In Xsan Admin you can easily label LUNs that are available on your Fibre Channel fabric. Using the cvlabel command, you can also easily label a LUN that isn’t on a Fibre Channel fabric. Labeling a LUN writes data to the LUN, thus allowing Xsan to somewhat mark its territory (insert vivid imagery of an Xsan shaped like a dog taking a whiz on a poor thumb drive). If you then look at that LUN from a Mac OS X system without Xsan installed, the computer will have greyed out options in Disk Utility and will not be able to treat the LUN as a “disk.” You also can’t use diskutil to reformat it.
As much as we love our RAIDs, at times they will be ready to put out to pasture (more vivid imagery, this time of a RAID chassis grazing gleefully in the sunshine). This is where cvlabel comes in again (retiring the LUN, not the imagery). The cvlabel command can be used to unlabel a LUN and move it back to what amounts to free space. If you run cvlabel with a -l option you will see a list of LUNs:
If you want to unlabel a LUN, first remove it from your SAN. That typically involves something akin to backing up the volume and restoring it following a rebuild or using snfsdefrag to migrate all data off it and then removing it from the volume), typically with the volume stopped. Once the LUN has been removed, find the LUN in the list provided using that -l option and then run the following command (replacing MyLUN with the name of your LUN):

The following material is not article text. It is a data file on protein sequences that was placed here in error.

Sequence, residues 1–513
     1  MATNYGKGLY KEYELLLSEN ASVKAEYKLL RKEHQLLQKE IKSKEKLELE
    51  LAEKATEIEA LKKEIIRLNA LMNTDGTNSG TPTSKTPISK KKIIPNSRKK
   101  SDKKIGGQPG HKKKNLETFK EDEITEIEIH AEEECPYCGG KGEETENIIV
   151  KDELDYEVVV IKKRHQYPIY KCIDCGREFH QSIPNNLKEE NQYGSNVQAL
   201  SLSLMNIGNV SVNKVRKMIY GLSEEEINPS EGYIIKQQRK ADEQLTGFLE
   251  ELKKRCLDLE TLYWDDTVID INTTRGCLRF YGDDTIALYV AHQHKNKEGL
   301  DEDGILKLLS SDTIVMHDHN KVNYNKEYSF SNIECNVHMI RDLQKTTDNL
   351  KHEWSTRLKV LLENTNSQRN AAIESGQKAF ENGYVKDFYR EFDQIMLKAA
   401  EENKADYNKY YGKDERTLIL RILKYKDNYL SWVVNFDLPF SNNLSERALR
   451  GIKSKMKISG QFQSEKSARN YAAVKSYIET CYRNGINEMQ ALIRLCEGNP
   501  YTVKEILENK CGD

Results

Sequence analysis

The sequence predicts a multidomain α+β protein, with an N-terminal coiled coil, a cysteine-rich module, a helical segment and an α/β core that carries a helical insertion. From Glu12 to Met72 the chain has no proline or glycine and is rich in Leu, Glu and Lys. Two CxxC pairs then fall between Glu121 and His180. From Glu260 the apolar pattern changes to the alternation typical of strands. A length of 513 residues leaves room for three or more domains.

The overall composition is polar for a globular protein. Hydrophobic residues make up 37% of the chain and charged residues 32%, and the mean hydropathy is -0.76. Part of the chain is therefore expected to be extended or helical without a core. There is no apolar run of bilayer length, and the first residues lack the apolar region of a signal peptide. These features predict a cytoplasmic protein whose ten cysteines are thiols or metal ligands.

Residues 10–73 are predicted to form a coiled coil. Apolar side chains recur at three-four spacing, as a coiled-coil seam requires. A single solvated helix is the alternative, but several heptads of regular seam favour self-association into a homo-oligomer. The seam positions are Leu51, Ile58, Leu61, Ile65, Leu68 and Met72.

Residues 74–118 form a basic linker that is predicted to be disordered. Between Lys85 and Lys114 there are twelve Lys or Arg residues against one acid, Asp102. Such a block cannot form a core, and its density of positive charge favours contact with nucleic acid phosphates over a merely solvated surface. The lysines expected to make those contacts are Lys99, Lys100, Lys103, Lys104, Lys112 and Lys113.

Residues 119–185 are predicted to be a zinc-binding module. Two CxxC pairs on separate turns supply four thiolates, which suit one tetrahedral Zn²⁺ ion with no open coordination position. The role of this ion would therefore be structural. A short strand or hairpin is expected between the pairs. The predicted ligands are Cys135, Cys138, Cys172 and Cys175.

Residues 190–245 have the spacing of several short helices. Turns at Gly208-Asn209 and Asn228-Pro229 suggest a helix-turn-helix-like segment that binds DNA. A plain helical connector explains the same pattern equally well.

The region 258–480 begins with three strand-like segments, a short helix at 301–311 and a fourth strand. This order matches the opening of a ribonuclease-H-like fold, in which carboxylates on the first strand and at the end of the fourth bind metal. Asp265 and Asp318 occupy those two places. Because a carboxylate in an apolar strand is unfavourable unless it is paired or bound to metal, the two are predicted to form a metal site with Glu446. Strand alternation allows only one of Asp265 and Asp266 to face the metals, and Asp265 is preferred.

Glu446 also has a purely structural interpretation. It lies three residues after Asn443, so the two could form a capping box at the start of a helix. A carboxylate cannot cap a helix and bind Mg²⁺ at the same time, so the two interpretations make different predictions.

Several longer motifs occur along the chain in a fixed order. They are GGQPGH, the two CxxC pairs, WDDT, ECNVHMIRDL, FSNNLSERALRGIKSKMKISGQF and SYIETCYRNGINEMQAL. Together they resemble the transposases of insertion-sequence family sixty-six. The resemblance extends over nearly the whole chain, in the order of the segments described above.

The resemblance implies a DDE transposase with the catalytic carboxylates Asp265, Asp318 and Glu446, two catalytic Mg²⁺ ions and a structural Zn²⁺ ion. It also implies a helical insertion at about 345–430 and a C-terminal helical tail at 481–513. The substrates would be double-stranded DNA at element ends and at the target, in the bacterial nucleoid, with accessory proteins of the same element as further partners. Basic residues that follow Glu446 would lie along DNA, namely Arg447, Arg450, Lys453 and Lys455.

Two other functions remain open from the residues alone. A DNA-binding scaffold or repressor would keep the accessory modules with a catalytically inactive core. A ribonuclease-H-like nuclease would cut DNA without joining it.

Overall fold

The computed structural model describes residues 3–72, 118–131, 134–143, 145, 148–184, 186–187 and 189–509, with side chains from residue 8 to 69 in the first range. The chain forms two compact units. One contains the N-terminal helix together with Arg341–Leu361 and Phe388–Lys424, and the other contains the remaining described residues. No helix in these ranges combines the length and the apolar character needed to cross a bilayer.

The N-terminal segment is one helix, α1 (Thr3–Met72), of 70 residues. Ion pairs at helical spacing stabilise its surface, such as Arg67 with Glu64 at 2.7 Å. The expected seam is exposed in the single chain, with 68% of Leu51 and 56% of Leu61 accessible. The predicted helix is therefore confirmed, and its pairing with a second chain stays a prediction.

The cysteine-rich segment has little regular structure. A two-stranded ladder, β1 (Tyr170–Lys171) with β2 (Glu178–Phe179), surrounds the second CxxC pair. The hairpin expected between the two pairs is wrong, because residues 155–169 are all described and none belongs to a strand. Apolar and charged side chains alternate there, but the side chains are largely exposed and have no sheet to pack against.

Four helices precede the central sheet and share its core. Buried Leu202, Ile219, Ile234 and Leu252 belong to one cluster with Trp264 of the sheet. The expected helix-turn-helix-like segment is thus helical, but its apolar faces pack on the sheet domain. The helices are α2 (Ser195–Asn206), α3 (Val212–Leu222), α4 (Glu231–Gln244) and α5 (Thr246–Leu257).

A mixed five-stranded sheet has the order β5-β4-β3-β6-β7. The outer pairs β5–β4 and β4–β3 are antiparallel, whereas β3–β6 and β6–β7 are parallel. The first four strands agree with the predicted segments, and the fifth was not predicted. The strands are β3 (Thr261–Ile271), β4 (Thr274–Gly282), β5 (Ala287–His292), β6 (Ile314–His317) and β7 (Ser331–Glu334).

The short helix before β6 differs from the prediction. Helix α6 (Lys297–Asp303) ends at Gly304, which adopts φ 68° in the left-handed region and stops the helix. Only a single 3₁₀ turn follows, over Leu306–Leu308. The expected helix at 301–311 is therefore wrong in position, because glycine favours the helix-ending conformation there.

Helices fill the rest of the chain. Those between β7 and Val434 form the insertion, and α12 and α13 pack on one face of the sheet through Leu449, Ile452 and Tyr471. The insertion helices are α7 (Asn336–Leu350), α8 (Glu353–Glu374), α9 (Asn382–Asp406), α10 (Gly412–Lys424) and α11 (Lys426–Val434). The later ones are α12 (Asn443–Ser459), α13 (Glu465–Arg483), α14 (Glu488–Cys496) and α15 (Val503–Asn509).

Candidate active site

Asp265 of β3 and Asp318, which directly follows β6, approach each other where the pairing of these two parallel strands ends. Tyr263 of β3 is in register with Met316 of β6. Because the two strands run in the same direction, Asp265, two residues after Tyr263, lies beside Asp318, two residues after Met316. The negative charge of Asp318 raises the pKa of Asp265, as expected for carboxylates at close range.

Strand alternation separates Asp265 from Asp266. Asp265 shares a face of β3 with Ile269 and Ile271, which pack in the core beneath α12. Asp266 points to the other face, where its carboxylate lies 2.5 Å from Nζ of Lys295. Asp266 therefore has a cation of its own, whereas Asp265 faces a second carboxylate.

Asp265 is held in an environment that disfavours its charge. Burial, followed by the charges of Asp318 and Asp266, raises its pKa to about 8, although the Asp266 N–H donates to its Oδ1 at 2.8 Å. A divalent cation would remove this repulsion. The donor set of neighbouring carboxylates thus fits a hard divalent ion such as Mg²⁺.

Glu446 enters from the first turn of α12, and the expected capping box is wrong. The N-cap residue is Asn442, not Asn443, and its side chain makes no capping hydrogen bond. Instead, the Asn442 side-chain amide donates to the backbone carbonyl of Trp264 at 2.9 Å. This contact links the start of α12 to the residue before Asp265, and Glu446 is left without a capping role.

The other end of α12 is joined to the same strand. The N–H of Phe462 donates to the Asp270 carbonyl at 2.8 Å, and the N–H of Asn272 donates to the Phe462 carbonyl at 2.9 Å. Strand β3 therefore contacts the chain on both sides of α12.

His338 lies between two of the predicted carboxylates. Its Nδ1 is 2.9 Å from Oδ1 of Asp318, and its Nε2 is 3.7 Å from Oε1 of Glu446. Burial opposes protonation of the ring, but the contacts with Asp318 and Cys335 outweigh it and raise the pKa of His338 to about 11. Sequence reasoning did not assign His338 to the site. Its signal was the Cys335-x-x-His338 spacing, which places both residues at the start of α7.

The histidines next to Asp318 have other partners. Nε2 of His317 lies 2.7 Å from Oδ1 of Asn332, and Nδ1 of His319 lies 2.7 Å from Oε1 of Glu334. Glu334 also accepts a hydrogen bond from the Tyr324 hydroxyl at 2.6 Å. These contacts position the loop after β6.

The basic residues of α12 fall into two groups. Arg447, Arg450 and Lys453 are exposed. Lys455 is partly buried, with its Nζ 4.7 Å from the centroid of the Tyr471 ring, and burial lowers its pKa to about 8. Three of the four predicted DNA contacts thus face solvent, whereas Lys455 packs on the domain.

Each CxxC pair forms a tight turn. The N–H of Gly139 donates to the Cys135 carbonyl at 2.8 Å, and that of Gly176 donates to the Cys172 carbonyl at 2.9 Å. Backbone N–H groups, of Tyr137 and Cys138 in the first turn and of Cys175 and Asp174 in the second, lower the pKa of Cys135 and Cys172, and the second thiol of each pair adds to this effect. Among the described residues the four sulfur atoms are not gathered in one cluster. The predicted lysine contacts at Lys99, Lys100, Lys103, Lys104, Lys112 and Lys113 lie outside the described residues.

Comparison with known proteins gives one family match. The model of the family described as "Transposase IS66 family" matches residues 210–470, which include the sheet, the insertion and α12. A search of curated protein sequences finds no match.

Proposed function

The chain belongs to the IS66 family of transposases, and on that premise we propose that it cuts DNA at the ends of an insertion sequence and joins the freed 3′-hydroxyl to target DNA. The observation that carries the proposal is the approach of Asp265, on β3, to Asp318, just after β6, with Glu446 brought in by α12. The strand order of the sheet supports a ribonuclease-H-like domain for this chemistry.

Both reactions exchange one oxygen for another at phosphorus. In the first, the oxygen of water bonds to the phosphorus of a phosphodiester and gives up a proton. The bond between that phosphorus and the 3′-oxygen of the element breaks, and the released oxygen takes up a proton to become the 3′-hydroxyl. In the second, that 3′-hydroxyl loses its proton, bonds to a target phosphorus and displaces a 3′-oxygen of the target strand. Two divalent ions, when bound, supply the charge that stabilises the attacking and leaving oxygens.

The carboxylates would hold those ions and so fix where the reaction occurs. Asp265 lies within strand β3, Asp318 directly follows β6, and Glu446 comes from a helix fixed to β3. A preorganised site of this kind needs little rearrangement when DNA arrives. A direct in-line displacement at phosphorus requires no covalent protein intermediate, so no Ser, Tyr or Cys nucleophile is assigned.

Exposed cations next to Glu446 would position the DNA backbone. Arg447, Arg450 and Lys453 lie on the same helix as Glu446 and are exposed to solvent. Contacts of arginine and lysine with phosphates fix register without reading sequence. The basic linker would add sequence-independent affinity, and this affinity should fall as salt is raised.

cvlabel -v -u MyLUN
Make sure that you’re using the name of the LUN when you run this and not the name of the volume, or the name of the wrong LUN. Also make sure that the LUN is no longer a member of an Xsan (or StorNext SAN), etc. Once you have unlabeled the LUN, fire up Disk Utility and you should be ready to format the new drive. Seems like this ends up getting done via ssh a lot, which doesn’t have Disk Utility, so to do so with diskutil, run:
Then with the output find the unformated space, which will likely say something akin to disk1 or disk2. You won’t usually find that an empty LUN will have slices like disk0s1, disk0s2, etc. Once you locate it in the list, you can then run (assuming the disk from the output of the previous command was disk1 and the name you want the volume to have is MyVolume):
diskutil eraseDisk HFS+ MyVolume disk1
Note: You must install Xsan to get cvlabel.